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Perspectives From Patients and Care Providers on the Management of Fecal Incontinence: A Needs Assessment

Helewa, Ramzi M. M.D., M.Sc., F.R.C.S.C.; Moloo, Husein M.D., M.Sc., F.R.C.S.C.; Williams, Lara M.D., M.Sc., F.R.C.S.C.; Foss, Kristine M. R.N.; Baksh-Thomas, Waheeda R.P.N.; Raiche, Isabelle M.D., M.A.Ed., F.R.C.S.C.

Diseases of the Colon & Rectum: April 2017 - Volume 60 - Issue 4 - p 408–415
doi: 10.1097/DCR.0000000000000768
Original Contributions: Pelvic Floor
Denotes Podcast

BACKGROUND: A large proportion of Canadians experience fecal incontinence, with no avenue for effective treatments. The Ottawa Hospital has recently started a percutaneous tibial nerve stimulation program for patients who have not improved with conservative efforts.

OBJECTIVE: As part of this program implementation, a qualitative needs assessment was undertaken to better define successful outcomes and to identify barriers for program sustainability.

DESIGN: This was a cross-sectional, qualitative study involving standardized, semistructured interviews.

SETTINGS: The study was conducted at a single tertiary care center.

PATIENTS: Patients experiencing fecal incontinence, as well as nurses, physical therapists, and physicians, were enrolled in the study.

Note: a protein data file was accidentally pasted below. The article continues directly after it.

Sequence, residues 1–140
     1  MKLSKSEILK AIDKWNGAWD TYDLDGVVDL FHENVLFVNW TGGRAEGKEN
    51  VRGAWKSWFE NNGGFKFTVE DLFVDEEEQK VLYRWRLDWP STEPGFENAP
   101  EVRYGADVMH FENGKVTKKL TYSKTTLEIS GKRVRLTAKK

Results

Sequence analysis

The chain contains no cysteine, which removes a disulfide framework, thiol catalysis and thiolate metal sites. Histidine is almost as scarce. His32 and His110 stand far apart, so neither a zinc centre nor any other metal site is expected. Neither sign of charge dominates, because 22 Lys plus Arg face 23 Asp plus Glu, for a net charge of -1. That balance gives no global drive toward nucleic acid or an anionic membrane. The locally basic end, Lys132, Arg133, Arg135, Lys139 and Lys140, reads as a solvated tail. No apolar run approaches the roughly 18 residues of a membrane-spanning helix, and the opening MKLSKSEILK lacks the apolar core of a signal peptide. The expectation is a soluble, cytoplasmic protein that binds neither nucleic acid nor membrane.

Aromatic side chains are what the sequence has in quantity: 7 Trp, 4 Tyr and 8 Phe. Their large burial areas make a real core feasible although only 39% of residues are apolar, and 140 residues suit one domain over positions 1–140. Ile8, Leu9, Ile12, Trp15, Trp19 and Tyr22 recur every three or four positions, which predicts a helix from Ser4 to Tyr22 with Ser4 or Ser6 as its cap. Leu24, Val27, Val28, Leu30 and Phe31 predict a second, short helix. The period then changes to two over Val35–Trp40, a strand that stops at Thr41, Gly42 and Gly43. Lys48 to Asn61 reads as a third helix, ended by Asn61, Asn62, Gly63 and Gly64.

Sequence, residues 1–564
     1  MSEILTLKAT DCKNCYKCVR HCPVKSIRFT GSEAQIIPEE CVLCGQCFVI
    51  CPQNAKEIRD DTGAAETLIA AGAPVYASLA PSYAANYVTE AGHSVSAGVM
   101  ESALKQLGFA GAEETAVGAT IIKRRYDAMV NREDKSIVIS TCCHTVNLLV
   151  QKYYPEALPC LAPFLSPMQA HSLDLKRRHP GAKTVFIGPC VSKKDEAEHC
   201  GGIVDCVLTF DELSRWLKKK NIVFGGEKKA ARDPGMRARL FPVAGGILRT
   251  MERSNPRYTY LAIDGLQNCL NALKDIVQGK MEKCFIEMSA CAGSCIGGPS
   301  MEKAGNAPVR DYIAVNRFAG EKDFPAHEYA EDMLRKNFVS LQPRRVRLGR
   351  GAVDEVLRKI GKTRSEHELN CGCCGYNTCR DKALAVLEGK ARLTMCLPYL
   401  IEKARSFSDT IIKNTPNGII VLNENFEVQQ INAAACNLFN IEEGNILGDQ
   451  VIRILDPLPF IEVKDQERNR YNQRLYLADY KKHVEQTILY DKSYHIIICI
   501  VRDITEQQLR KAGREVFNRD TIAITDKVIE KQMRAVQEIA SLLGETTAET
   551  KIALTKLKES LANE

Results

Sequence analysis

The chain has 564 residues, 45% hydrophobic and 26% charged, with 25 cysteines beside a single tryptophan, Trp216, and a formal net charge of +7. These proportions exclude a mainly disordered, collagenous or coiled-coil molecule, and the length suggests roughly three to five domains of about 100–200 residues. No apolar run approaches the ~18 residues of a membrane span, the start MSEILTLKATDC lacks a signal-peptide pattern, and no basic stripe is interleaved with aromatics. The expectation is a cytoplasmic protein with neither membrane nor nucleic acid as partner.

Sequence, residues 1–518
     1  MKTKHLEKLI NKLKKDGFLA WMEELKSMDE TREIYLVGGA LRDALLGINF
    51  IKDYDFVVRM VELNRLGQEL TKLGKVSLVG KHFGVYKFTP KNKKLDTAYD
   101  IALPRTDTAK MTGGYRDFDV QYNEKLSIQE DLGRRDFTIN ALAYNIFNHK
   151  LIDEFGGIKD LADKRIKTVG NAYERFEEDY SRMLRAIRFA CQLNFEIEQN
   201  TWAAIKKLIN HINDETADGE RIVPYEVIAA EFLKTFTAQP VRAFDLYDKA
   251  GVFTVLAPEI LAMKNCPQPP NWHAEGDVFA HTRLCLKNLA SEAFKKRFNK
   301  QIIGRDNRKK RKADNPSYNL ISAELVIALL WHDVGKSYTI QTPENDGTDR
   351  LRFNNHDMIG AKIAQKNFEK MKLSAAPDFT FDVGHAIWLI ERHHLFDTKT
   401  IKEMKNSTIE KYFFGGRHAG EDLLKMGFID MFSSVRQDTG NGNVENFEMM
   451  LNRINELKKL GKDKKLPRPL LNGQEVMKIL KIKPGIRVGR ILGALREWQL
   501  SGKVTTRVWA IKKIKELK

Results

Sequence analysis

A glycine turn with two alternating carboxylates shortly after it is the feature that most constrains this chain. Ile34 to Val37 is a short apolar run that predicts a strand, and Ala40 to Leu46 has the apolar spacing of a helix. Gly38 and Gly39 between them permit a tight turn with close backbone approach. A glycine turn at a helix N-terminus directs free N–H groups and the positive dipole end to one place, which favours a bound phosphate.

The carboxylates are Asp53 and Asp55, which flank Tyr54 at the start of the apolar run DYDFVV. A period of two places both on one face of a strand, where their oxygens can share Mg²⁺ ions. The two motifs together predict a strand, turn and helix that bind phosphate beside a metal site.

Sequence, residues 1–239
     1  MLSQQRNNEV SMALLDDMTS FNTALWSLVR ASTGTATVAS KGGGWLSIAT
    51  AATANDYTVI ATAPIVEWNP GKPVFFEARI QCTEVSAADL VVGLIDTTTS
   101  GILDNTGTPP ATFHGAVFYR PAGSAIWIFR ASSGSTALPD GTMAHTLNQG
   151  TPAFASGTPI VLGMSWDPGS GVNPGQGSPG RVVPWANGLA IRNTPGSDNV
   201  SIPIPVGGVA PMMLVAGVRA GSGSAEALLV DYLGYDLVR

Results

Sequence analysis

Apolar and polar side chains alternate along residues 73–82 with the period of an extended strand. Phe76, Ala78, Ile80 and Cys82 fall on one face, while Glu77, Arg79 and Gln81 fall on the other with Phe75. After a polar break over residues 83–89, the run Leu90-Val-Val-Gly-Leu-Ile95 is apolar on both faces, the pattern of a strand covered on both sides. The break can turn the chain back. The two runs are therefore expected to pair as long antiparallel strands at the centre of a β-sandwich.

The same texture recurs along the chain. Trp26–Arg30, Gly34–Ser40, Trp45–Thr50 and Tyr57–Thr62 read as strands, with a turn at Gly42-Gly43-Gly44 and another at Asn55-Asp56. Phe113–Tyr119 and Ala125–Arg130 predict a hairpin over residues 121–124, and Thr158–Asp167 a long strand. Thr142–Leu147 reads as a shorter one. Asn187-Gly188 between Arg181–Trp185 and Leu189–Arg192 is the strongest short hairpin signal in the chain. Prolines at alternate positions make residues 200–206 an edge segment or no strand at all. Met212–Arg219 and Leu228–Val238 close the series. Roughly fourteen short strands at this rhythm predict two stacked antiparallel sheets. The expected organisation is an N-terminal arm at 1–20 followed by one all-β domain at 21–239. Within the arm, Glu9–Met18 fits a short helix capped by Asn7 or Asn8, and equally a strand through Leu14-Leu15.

MAIN OUTCOME MEASURES: Interview questions revolved around success definitions, barriers, and promoters of fecal incontinence care. Transcripts were analyzed to develop themes surrounding fecal incontinence care.

RESULTS: Twelve interviews were undertaken raising a total of 17 different themes. Barriers to fecal incontinence care included education for both the care provider and patients. Access issues for treatments were also highlighted. Promoters of fecal incontinence care were reflected by the impact that it has on quality of life, personal hygiene, psychological burden, and activity and productivity. The definition of fecal incontinence success was focused on improvements in quality of life rather than a numerical reduction of incontinence episodes.

LIMITATIONS: This study was limited in its small number of interviews conducted. We were unable to identify patients who were unable to seek out care for fecal incontinence.

CONCLUSIONS: Patient and care provider education surrounding fecal incontinence is lacking. Furthermore, access for effective treatments is a real barrier for Canadians experiencing fecal incontinence. Programs should focus on improvement of overall quality of life rather than a reduction of incontinence episodes.

1 Department of Surgery, University of Ottawa, Ottawa, Ontario, Canada

2 The Ottawa Hospital, Ottawa, Ontario, Canada

3 Ottawa Hospital Research Institute, Ottawa, Ontario, Canada

Financial Disclosure: Dr Williams receives royalties from UpToDate for authorship of chapters.

Correspondence: Isabelle Raiche, M.D., M.A.Ed., F.R.C.S.C., Department of General Surgery, University of Ottawa, The Ottawa Hospital–Civic Campus, 305–737 Parkdale Ave, Ottawa, ON, Canada K1Y 1J8. E-mail:

© 2017 The American Society of Colon and Rectal Surgeons